Cuffy started DJing in Wellington in the late 1997, then moved north, quickly becoming a regular in the Auckland club scene. He was selected for the 2000 Red Bull DJ Academy in Dublin. Fellow Wellingtonian Leon D came from a very different place, cutting his musical teeth playing guitar in rock band Fat Mannequin. Leon swapped his guitar for keyboards and samplers, and the duo teamed up in 1999 to create heavy deep-house, with a special dose of brass courtesy of Toby Laing (Fat Freddy’s Drop). In 2002 they released the three-track Slyboom EP on Joost Langeveld’s Reliable Recordings; the cut ‘19C Trumpet’ was an instant winner. Specialty lounge music website Bestloungemusic.com sums up the track nicely: “As the name suggests, trumpets abound … Let the well-crafted horn section take you through this 9-minute work of art, and you might find an urge to add it to your permanent lounge music favourites.” It was picked up for US release by Red Melon Records.
Subware – Disco Hoopla, 2000
Joost Langeveld, in addition to the many other hats he wore, was one half of Subware. Langeveld started out in the mid 80s playing bass for Auckland acts Strawpeople, Compulsory Allies (featuring Greg Johnson), Jules Issa, MC OJ and Rhythm Slave and others. He worked on the first two Deepgrooves compilations and then joined the Kog Transmissions collective, founding his own Kog-associated label, Reliable Recordings, the first label in New Zealand to focus on house music. Langeveld is co-owner and director of Bigpop, a highly respected studio, record label and boutique music publishing company. The other half of Subware was Jason Rockpig aka Jason Hall, who also had a variety of musical outlets: he played in Auckland rock band the Sore Cocks, and was the programme director of of 95bFM. Subware’s first outing was the ‘Disco Hoopla’ 12", an energetic, groove-laden tune which was a big student radio and club hit. Recorded in 1997, it was first released on Kog Transmission's first Algorhythm compilation in 1999. It paved the way for their self-titled album in 2002, which was packed with dancefloor-fillers.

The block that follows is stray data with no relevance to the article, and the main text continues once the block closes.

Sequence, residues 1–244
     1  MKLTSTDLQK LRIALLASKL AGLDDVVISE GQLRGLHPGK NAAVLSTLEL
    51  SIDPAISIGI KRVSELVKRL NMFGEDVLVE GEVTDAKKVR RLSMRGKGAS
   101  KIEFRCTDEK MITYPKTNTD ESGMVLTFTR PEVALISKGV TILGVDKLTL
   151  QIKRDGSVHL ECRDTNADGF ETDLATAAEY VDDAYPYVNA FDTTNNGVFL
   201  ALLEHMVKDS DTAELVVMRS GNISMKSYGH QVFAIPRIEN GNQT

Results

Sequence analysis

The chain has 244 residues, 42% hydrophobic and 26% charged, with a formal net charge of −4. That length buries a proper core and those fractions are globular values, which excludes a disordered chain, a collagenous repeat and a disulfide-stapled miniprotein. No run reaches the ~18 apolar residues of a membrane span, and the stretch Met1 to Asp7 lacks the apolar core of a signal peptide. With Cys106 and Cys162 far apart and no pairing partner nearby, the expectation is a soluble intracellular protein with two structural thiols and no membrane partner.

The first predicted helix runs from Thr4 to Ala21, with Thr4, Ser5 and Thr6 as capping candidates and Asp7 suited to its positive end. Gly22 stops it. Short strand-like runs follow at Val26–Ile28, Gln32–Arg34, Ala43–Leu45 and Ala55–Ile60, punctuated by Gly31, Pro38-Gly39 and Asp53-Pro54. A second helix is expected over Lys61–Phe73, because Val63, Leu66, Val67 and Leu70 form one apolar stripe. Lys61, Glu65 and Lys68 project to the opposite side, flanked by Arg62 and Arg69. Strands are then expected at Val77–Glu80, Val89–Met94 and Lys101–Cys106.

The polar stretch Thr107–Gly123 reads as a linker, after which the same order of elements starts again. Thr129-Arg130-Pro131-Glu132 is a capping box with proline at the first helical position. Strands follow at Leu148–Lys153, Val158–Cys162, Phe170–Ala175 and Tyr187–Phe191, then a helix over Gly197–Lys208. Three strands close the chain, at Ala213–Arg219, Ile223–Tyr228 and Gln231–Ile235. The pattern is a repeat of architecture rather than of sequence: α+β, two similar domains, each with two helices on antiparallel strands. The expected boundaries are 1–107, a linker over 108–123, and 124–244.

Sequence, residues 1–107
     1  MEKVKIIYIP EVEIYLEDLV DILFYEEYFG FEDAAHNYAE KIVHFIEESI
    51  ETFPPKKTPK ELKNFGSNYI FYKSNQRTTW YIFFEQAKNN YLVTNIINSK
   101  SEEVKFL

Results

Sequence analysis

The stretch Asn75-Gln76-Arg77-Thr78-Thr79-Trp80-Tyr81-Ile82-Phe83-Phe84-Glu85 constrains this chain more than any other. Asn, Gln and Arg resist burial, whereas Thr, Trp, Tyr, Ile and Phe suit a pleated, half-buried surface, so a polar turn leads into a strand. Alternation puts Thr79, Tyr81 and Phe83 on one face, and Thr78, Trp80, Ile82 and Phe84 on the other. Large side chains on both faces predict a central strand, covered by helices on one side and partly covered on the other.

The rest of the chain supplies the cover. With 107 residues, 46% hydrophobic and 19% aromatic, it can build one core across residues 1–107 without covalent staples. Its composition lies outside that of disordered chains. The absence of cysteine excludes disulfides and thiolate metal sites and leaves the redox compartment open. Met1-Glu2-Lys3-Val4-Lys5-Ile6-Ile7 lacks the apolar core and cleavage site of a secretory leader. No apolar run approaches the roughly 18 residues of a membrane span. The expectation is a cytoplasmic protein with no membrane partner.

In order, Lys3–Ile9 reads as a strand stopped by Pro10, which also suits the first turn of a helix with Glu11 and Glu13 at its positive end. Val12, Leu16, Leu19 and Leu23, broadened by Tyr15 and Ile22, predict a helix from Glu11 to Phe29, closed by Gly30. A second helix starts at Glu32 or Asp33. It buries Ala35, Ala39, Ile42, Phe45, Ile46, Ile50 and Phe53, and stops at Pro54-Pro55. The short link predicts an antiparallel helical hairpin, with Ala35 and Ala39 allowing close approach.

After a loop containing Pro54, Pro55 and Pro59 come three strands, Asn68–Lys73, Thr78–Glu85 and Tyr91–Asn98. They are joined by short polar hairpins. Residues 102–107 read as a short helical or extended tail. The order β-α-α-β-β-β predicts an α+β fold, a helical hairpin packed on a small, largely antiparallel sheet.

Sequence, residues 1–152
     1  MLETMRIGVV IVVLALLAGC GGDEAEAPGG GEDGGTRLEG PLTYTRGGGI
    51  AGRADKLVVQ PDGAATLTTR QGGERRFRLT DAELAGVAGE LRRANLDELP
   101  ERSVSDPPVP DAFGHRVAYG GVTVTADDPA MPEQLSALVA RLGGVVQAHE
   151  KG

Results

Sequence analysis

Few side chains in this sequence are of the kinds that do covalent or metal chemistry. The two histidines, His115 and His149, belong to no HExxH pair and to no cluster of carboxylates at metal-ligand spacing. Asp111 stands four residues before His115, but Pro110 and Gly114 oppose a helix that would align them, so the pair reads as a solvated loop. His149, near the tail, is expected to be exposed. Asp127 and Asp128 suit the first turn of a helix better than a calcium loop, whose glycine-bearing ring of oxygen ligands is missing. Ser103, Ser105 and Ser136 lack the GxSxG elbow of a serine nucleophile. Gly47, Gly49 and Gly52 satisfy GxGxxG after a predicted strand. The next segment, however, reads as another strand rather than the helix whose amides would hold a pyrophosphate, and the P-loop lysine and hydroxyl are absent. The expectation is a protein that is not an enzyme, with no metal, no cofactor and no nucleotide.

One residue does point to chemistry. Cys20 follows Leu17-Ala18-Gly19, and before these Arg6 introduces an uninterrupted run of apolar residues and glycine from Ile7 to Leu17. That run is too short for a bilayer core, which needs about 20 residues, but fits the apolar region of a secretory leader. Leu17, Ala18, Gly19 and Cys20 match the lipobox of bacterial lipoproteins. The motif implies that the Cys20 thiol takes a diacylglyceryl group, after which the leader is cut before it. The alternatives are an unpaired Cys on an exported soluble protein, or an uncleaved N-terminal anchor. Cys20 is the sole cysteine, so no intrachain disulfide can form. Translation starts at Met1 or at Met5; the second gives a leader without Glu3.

Simon Flower/Peak:Shift – ‘South Exit’, 2001
Peak:Shift’s ‘South Exit’ technically came out a year before our starting date of 2000, but it absolutely deserves a place here. Simon Flower’s alter ego Peak:Shift created one of Aotearoa’s first examples of minimal house/techno, and it made a big impact in clubs – especially Auckland’s Calibre. Flower and Matt Drake even founded New Zealand’s first techno label, Nurture Recordings. From our Calibre profile: “From many of its players and DJs, who were tied into a strong international indie label network via the DJs that arrived, often weekly, from the USA and the UK, came the very first New Zealand dance and house records, with Joost Langeveld and Roger Perry’s Reliable Records and Simon Flower’s Nurture labels being the primary driving forces.”